I’m less than three years removed from the the double-digit paychecks and sugar-caked shoes of the baking life, that time when all we knew about each other were first names and shift schedules. Then I crawled my way back into entertainment, and things became appreciably better, by professional standards, by lines in the resume standards, by being able to buy as many iced coffees as I damn well pleased standards.
Life and work are shaped by an unpredictable mixture of events and opportunities, which make some sense only retrospectively when writing a curriculum vitae.
– Ken Robinson, Out of our Minds
I found myself worrying about my resume last night after reading an e-mail about a position which I’d been set to interview for that would no longer be filled. It’s not like I was told I didn’t get the job. It’s not like I was told I was fired. I was simply told that, on account of the company’s busyness, they would be pushing the search till a later date.
The lingering opportunity of a job, despite the interview being pushed week after week, gave me a crutch. It gave my projects a failsafe. I had a reason not to throw myself into things completely, because I’d left myself an out. Despite adding more timelines and deadlines to an increasing number of projects, and researching other ideas for later development, I let myself remain tethered to the ghost of an opportunity, the chance to keep a gap from growing in my resume.
People with great projects afoot habitually look further and more clearly into the future than people who are mired in day-to-day concerns. They do not easily grow sad or old; they are seldom intimidated by the alarms and confusions of the present because they have something greater of their own, some sense of their large and coherent motion in time, to compare the present with.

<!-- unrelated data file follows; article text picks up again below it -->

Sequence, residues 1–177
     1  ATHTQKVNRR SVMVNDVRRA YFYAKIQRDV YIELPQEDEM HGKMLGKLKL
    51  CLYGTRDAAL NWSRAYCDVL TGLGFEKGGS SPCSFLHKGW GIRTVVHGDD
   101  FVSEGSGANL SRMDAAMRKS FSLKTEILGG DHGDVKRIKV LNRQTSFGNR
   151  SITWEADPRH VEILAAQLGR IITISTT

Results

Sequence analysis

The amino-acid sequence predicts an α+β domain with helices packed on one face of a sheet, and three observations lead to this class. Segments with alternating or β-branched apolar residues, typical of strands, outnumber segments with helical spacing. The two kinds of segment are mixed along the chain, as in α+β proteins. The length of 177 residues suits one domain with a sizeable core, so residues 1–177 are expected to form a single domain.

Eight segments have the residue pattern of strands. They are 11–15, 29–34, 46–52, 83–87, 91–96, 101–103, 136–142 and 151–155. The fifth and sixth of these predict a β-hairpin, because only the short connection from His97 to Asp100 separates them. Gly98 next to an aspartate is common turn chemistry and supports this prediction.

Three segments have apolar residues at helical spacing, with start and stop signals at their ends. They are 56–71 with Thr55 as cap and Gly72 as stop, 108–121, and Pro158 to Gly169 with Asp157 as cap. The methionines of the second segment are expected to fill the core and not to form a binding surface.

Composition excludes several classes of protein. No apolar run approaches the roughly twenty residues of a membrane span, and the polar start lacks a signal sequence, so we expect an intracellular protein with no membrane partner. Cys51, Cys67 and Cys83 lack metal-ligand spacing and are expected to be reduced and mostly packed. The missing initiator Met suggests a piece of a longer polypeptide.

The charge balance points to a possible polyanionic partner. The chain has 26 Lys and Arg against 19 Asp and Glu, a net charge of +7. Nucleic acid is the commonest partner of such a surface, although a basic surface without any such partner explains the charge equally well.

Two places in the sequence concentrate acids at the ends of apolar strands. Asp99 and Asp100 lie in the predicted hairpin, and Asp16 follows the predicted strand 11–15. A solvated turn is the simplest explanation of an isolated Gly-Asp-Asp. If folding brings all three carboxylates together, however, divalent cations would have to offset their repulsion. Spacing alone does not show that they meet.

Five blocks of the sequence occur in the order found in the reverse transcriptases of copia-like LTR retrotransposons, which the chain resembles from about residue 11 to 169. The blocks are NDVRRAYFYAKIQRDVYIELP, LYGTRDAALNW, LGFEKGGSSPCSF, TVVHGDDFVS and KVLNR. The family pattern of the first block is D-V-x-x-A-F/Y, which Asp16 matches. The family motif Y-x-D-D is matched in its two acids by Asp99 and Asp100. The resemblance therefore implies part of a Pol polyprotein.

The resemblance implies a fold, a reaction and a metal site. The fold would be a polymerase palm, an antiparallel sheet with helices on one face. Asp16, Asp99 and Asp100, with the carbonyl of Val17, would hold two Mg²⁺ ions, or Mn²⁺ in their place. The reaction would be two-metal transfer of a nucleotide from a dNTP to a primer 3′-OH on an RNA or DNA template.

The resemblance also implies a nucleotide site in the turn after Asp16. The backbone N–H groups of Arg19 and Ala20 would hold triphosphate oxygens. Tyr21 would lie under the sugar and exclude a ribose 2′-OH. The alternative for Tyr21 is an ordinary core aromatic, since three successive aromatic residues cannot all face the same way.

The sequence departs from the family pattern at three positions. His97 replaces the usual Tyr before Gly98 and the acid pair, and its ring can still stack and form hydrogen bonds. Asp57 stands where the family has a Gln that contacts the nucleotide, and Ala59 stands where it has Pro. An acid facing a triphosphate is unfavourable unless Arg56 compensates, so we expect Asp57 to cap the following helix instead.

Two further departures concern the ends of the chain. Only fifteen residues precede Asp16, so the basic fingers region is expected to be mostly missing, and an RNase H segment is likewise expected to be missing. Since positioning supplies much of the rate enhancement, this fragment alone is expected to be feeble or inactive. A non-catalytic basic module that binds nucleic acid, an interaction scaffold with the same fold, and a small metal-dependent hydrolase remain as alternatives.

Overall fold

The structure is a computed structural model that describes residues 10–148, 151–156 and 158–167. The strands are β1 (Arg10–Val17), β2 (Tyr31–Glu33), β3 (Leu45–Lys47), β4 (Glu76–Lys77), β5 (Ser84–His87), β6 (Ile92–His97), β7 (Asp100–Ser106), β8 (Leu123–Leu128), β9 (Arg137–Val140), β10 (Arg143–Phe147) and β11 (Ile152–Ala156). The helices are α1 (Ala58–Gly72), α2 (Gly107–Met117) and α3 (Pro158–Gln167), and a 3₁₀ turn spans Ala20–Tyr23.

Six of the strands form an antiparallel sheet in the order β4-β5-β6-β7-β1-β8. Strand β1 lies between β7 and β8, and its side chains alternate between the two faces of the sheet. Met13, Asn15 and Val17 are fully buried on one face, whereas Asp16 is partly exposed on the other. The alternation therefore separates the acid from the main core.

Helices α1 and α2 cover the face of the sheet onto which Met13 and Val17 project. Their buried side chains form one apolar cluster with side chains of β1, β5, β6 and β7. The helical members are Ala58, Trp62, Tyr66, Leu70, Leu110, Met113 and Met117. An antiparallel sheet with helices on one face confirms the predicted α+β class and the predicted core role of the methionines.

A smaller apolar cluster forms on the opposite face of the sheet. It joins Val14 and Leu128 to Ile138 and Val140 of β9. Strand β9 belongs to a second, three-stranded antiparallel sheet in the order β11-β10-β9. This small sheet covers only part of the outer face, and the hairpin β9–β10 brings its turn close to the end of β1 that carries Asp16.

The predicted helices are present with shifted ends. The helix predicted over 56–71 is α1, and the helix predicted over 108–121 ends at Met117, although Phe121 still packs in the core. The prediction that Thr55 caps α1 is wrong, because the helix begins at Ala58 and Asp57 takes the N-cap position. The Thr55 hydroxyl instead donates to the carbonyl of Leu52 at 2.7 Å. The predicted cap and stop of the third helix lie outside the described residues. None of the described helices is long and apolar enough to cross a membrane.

– Robert Grudin, Time and the Art of Living
So I find myself in the middle of these two concepts, between the midst of an external professional instability and an internal belief that the projects I’ve started and will start can attain a quality of life-steadying greatness. The two compete for attention and resources, and though the two aren’t mutually exclusive, there are limits to our abilities. Entertaining one’s responsibilities to the past while projecting oneself into the future is an uncomfortable task. By writing about it, and finding a way to embody both concepts, I’m choosing to embrace it. Instead of lashing out and shutting one side down with some impulsive stroke, I’m wrestling with both.
Being uncomfortable isn’t new. I’ve been uncomfortable before. That was a time I pushed toward ideas I didn’t believe I could do. I ran up hills that my legs begged me not to. I had such big thoughts I had to walk and move, motivated to action by their possibility.
Now, I’m getting uncomfortable again, and I invite you to get uncomfortable, too. Don’t become so preoccupied with assembling a narrative out of the past’s too many pieces that you miss the present. Use the time you have now, wherever you can find it, and focus on finding something greater of your own.
Even if that makes you uncomfortable.